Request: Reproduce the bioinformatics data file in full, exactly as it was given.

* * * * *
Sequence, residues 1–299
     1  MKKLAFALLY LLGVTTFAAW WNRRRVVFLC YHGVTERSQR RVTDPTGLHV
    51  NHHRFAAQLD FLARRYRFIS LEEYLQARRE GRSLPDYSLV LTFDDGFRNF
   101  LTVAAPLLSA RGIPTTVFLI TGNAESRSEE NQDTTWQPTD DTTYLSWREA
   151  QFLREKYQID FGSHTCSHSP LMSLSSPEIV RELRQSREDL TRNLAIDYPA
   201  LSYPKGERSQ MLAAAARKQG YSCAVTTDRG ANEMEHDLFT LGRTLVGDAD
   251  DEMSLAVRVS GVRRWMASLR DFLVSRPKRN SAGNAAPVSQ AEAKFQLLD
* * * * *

Sequence, residues 1–299
     1  MKKLAFALLY LLGVTTFAAW WNRRRVVFLC YHGVTERSQR RVTDPTGLHV
    51  NHHRFAAQLD FLARRYRFIS LEEYLQARRE GRSLPDYSLV LTFDDGFRNF
   101  LTVAAPLLSA RGIPTTVFLI TGNAESRSEE NQDTTWQPTD DTTYLSWREA
   151  QFLREKYQID FGSHTCSHSP LMSLSSPEIV RELRQSREDL TRNLAIDYPA
   201  LSYPKGERSQ MLAAAARKQG YSCAVTTDRG ANEMEHDLFT LGRTLVGDAD
   251  DEMSLAVRVS GVRRWMASLR DFLVSRPKRN SAGNAAPVSQ AEAKFQLLD